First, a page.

Overall, my New Year’s resolution is to focus on my recovery while being true to myself. I know that the research work that I will be doing will help others recover and save lives, and that is what keeps me strong in my own recovery. So, as this New Year approaches, I will focus on making goals towards my recovery. Focusing on what I can change internally- with my mind, rather than giving into the eating disorder that tries to change me externally. The eating disorder thinks that changing physically will fix everything, but it does not. The eating disorder provides an illusory sense of control that is only temporary; but change from within is permanent and that is why it is so valuable.

This is my recovery journey, perfectly imperfect, and that is ok, as long as I keep staying strong.

So, what is your New Year’s resolution? Remember, focus on what you can change inside. If you are stuck, here are some ideas:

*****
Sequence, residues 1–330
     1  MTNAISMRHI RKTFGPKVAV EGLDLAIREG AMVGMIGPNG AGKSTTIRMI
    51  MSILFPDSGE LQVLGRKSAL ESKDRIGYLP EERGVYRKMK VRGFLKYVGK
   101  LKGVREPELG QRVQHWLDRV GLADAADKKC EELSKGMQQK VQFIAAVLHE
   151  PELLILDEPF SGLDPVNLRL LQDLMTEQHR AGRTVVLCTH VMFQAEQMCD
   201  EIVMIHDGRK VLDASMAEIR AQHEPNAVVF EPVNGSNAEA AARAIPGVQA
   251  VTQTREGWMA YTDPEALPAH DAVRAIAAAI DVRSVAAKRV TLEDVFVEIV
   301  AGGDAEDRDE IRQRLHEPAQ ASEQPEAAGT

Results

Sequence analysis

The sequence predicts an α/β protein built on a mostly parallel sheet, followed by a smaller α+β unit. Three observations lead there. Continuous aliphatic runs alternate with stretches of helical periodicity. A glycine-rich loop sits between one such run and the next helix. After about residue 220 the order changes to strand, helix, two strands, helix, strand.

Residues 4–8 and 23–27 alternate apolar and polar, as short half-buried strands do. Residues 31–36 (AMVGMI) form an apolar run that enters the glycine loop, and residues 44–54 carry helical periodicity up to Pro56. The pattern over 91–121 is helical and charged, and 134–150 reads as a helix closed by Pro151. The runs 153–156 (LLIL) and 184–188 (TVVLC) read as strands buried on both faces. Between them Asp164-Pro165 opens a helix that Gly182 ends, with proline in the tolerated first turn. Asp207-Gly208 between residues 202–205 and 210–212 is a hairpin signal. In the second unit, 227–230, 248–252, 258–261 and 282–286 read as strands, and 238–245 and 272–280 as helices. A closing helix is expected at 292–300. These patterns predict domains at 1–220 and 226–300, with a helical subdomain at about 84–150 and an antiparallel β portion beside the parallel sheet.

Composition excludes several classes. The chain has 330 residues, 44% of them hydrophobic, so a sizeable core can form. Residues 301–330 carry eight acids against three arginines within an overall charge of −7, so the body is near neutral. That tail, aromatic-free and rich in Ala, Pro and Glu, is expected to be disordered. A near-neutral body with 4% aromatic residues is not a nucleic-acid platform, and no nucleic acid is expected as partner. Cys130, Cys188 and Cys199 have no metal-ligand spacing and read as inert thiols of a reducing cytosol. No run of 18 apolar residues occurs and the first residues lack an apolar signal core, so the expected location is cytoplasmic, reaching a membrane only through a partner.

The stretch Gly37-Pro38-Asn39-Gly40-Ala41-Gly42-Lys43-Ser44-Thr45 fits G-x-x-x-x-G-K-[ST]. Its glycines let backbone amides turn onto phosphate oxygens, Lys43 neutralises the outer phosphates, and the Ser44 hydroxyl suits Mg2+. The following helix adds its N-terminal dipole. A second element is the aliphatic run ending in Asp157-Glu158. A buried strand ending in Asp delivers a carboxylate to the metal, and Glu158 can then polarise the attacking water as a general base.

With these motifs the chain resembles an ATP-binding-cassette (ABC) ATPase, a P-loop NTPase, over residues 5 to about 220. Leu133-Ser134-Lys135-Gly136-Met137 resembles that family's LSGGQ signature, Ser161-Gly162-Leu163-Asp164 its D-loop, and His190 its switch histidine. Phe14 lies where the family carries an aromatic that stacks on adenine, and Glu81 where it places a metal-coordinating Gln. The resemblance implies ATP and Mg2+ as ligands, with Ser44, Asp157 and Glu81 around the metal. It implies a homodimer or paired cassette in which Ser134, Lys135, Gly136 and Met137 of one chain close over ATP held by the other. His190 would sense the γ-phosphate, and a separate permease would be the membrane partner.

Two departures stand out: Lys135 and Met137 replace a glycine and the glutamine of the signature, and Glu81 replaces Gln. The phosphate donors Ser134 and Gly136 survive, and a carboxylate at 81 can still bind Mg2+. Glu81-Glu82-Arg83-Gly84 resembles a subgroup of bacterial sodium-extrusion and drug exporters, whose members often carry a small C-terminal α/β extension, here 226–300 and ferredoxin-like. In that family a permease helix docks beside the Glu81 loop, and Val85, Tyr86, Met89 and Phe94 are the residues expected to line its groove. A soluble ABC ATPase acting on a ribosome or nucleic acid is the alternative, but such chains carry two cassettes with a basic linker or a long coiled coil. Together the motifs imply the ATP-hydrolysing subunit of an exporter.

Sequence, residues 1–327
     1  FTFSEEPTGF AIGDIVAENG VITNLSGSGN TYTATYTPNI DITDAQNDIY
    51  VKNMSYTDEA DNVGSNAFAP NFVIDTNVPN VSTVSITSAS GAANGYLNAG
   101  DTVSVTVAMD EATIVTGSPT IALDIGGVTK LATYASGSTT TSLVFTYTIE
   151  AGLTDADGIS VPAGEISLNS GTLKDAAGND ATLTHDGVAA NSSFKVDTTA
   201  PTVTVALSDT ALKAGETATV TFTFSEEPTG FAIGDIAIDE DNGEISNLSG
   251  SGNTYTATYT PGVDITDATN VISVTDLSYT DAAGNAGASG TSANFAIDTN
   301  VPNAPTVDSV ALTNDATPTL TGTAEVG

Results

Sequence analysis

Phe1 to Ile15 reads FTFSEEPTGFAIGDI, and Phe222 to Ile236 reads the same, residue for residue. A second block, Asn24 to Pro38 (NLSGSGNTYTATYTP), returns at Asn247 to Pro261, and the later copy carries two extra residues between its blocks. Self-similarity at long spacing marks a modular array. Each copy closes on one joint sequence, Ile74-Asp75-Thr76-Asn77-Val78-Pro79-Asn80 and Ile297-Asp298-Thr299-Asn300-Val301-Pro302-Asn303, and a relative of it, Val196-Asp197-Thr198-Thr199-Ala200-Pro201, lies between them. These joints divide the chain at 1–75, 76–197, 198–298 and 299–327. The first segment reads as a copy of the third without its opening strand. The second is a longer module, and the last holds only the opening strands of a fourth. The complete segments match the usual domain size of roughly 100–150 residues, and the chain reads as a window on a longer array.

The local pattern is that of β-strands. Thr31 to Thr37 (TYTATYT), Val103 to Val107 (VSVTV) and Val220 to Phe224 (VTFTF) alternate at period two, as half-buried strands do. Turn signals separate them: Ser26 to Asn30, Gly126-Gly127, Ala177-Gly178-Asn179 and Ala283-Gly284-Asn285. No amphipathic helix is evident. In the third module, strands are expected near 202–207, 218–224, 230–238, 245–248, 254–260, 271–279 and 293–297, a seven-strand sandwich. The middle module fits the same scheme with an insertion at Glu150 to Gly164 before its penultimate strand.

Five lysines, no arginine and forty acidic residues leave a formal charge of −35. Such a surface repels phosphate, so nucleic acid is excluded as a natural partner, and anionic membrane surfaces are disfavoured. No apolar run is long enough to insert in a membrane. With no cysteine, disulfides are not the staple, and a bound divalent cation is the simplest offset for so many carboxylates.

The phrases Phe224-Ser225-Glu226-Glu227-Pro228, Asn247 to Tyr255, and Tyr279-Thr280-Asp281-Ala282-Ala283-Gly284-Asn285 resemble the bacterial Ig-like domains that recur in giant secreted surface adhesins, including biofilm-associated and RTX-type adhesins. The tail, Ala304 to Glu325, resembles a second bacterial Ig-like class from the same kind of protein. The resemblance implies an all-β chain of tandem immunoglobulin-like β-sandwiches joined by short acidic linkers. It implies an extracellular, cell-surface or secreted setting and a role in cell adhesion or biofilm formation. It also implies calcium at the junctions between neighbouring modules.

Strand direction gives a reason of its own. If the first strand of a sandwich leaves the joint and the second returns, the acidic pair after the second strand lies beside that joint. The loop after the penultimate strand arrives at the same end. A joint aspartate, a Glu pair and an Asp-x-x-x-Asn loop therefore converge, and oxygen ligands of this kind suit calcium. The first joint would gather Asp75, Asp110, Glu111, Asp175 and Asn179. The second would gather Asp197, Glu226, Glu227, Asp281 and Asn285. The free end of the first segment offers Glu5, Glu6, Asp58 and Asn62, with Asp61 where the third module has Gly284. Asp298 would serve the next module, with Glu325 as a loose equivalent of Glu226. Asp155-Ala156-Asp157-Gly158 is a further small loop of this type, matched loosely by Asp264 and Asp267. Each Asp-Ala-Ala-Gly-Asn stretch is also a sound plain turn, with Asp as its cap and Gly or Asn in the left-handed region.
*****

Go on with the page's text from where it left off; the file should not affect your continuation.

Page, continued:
1.    Volunteer somewhere that gives you a sense of purpose
2.    Take up a new hobby (I recommend coloring books!)
3.    Challenge yourself to face your fears
4.    Work on loving your body as it is
5.    Reach out to your friends and family
6.    Journal more often
7.    Take time for yourself, practice self-compassion
8.    Work on your recovery, wherever you are in the process
9.    Do mindfulness exercises (meditation, yoga, going for a walk, etc.)
10.    Be you! (Do what makes you feel happy and fulfilled, this is what will enable you to find an identity beyond the eating disorder)

Never give up warriors! Recovery is possible, just stay strong and keep on keeping on.

Body-Positive Media

This week for Media Monday, we want to acknowledge that there is positive media, not all is bad. Advertisements, commercials, pictures, and music can reflect our diverse body types, showing that it is okay to accept and appreciate who we are. Enjoy and feel free to share any other body-positive media that you find in our comments section at the bottom of the page.


All I want for Christmas is to be thin… NO!

All I want for Christmas is to be thin…

That is the message that my eating disorder tells me every day. Nothing else matters, other than to have a “nice body.” If I have a nice body, than everything else will fall into place. If I am thin, my clothes loose on me, and I can feel more in control over what I eat than what my body and mind tell me, everything else will be okay. Everything in life will be fine if I just get thin….